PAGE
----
the mystery of a light that left a star millions of years ago? It seems almost
incomprehensible, doesn’t it? It’s a time we can surrender to spiritual joy and
pleasure, the exciting moment of mystery and discovery.
Bid a personal farewell
Had I more time to spend there, I would have bid a
personal farewell to each of you at our last breakfast. But we had to return to
the US Consulate to cancel my new passport. I happily let everybody know that I
had just found my passport and my wallet. I hurriedly ate my food. Dinh had an
important engagement and, therefore, could not take us to the airport in the
afternoon as planned. Ban was going to give us a ride but we did not want him to
have to wait for us. Then we had to catch our return flight that afternoon after
the planned visit to Van-Anh and Phuoc-Truong at their house. It was, however,
such a wonderful surprise to have had the chance to say good-bye to Chuong.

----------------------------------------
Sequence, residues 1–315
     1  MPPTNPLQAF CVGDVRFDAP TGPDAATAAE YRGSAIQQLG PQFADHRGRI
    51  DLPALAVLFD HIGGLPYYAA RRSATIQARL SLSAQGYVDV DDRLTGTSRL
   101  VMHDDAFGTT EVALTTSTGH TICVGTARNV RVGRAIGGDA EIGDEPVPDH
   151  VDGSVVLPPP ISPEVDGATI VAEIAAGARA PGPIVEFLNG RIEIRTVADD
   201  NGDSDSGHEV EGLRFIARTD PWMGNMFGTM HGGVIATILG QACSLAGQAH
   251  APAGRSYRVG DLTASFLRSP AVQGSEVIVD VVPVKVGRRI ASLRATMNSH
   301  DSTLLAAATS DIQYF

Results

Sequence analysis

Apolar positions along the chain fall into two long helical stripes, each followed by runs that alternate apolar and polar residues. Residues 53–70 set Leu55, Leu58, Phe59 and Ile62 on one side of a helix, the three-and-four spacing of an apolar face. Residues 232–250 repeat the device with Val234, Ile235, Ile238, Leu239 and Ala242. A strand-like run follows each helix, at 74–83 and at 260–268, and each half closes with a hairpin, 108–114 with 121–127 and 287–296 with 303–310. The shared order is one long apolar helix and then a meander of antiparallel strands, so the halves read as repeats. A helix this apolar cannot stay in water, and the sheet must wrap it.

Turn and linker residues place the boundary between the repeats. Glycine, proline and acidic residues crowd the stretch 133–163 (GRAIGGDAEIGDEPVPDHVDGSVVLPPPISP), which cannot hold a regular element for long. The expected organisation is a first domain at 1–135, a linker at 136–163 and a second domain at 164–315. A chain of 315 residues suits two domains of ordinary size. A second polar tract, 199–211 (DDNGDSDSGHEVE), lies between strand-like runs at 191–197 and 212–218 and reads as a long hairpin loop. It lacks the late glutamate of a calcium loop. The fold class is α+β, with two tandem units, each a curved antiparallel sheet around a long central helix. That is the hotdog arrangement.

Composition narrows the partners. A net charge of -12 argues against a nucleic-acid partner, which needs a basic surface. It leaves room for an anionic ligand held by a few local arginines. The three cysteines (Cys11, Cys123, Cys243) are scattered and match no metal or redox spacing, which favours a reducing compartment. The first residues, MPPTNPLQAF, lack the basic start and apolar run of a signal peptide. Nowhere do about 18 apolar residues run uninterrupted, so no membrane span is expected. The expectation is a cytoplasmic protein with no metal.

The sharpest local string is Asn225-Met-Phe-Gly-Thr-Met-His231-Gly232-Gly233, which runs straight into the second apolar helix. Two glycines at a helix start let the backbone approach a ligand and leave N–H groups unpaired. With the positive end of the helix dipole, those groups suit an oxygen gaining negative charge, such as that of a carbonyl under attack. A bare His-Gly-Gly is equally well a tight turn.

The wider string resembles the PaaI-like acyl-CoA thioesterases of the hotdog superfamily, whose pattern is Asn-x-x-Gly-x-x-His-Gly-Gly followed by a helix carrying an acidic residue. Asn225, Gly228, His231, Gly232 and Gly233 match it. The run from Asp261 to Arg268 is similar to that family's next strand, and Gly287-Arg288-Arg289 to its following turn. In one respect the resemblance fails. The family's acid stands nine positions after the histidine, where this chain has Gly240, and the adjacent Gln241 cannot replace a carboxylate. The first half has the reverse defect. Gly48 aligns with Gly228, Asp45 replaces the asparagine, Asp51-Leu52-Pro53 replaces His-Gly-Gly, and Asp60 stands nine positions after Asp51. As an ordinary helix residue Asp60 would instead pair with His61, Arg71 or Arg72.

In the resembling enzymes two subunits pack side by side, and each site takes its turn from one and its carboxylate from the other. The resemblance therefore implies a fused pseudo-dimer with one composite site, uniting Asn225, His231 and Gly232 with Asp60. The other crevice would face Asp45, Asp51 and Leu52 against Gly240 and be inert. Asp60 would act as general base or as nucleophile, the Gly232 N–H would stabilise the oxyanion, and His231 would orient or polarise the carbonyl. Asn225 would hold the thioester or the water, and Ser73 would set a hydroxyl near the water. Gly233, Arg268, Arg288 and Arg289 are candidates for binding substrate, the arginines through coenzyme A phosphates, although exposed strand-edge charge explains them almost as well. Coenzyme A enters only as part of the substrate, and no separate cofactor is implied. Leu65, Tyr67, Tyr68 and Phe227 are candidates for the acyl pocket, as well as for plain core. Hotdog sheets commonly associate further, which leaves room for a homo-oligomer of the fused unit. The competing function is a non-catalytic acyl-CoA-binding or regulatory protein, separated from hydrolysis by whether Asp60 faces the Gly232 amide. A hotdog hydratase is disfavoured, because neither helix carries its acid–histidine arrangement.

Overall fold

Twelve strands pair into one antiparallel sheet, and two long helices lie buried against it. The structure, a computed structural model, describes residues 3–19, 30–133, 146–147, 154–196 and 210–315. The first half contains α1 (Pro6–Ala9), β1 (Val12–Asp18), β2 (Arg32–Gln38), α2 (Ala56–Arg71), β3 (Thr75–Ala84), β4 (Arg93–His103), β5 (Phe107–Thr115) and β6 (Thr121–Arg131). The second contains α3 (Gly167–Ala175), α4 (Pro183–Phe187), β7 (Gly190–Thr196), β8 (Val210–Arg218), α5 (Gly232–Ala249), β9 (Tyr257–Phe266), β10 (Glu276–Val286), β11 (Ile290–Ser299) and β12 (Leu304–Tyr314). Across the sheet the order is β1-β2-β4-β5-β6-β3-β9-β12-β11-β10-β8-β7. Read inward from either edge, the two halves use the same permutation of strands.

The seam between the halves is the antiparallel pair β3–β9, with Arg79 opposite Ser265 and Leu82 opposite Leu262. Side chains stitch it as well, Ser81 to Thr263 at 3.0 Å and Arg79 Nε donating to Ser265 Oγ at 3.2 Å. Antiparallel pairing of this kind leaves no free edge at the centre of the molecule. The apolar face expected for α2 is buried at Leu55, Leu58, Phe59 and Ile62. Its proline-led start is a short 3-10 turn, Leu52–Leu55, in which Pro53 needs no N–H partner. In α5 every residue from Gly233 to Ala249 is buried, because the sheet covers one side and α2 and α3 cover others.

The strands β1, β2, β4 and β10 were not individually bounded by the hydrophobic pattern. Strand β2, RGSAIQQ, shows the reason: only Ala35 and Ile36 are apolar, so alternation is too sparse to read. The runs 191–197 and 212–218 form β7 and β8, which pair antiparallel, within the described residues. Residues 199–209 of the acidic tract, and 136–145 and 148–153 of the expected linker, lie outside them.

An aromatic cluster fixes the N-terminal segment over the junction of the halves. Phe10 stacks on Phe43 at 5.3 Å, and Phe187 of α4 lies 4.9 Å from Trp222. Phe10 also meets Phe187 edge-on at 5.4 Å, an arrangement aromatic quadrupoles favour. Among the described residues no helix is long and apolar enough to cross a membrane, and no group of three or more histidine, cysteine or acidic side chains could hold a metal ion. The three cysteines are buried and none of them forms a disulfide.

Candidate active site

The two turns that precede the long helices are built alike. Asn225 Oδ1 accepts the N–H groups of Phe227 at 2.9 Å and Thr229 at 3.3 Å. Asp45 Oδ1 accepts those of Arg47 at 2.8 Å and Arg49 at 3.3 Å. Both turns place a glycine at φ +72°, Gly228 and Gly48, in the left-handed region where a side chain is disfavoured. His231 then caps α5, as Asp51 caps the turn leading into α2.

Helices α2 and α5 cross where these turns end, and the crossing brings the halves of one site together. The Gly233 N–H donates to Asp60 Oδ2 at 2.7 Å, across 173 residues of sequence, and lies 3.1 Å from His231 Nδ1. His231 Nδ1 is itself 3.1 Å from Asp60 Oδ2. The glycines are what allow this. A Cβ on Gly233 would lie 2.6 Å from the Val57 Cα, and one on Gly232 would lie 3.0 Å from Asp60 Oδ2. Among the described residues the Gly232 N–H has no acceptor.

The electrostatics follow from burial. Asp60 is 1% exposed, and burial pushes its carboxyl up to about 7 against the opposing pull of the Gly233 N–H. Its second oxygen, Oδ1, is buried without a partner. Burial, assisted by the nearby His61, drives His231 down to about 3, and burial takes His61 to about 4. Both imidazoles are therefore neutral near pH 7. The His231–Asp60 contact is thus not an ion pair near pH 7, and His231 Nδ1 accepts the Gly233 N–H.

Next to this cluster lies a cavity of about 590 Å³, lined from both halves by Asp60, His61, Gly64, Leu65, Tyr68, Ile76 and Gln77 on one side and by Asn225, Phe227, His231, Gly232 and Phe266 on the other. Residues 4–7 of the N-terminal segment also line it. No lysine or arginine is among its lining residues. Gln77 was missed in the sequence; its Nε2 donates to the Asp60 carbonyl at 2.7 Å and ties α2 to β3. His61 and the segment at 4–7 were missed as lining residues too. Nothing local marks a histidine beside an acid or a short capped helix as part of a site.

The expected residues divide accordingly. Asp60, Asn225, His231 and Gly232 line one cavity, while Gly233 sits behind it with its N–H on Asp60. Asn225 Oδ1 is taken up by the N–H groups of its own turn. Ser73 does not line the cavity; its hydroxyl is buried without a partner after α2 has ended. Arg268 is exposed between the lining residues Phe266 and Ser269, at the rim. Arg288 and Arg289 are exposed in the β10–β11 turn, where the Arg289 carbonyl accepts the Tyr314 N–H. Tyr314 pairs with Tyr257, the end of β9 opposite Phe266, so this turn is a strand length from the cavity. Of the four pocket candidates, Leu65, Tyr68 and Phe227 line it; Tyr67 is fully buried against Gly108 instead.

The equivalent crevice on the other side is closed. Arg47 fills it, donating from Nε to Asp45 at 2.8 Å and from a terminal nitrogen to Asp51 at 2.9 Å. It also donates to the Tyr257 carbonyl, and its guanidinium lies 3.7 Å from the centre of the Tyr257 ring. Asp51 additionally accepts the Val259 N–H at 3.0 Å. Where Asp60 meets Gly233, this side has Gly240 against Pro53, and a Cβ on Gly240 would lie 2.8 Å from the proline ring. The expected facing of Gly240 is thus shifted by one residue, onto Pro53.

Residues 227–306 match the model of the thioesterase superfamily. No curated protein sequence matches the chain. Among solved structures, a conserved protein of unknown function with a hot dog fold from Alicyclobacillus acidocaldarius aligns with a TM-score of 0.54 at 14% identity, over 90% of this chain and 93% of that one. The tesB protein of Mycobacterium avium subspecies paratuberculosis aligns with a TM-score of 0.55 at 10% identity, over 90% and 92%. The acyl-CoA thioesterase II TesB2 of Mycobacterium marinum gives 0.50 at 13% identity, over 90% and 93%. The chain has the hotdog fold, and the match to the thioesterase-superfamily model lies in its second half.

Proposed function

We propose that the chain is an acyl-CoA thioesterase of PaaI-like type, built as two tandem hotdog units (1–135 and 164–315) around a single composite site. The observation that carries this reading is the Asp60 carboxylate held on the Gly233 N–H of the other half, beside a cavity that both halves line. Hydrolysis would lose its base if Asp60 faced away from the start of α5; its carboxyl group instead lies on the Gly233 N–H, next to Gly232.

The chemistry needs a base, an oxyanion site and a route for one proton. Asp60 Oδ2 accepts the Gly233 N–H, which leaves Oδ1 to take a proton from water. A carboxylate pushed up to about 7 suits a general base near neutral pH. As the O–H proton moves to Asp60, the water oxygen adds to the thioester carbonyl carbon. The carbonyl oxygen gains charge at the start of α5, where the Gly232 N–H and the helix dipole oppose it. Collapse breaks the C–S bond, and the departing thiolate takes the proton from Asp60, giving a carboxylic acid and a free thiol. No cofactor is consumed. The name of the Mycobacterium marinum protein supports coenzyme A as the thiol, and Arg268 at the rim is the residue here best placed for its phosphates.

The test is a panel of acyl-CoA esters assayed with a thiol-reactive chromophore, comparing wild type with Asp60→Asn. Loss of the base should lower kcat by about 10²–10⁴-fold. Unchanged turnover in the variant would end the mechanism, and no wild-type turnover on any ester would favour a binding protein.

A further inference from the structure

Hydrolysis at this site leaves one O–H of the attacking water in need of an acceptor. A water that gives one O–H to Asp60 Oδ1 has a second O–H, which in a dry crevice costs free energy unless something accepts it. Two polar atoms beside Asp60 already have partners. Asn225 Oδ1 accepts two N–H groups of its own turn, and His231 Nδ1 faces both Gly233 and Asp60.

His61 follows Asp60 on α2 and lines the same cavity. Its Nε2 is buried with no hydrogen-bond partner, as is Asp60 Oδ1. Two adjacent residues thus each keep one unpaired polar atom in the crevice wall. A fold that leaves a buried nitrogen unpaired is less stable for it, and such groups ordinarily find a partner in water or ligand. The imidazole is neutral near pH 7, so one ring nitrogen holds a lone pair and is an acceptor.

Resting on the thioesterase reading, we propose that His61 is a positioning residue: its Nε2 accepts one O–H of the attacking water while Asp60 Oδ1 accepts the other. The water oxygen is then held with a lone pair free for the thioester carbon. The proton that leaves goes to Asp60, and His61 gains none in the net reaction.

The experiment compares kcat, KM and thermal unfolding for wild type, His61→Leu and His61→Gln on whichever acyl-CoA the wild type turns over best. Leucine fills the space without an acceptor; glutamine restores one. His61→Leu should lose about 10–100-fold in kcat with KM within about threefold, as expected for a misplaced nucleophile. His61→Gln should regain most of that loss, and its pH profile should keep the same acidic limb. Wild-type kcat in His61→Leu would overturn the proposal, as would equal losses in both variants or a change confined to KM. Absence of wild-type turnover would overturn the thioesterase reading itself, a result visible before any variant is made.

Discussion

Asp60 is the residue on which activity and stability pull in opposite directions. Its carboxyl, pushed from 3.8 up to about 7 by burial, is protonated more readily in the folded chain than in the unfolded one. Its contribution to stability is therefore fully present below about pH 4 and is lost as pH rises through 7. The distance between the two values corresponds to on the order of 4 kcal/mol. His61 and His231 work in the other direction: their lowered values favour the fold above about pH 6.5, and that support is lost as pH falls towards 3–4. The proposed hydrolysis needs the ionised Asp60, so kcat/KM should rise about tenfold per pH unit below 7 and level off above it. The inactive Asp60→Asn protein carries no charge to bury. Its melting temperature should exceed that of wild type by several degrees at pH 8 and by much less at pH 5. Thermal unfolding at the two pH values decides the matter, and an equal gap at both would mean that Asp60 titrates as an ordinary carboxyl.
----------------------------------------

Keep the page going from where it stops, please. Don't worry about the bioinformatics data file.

|Neutral Bay Ferry Trip|
At Circular Quay, we intended to take a ferry to Neutral Bay to get to Van-Anh’s house. We went aboard a ferryboat and after the first two stops, I felt that their names sounded strange because they did not seem to match with those on the Neutral Bay sign at Circular Quay. I made Hung aware of this and after another stop, after consulting the map on the ferry, he decided that we had not taken the right one because we were heading to Parramatta instead of Neutral Bay. We got off at Drummoyne.
Drummoyne is such a tranquil and serene neighborhood. The air was so fresh. The houses were attractive with their English style gardens, having a hypnotic and peaceful pleasure. It was such a lovely morning. The flowers were bountiful and beautifully blooming, as if smiling to welcome us. Then all at once I saw a living soul. I saw an impeccably groomed and well-dressed elderly gentleman. I stopped to ask him for directions on where to catch a bus back to Circular Quay.
It would be fatal to make the same mistake twice, to
catch a wrong ferry again! At last we reached Van-Anh and Phuoc-Truong’s house.
We brought them some fresh flowers as a token of our sincere respect for them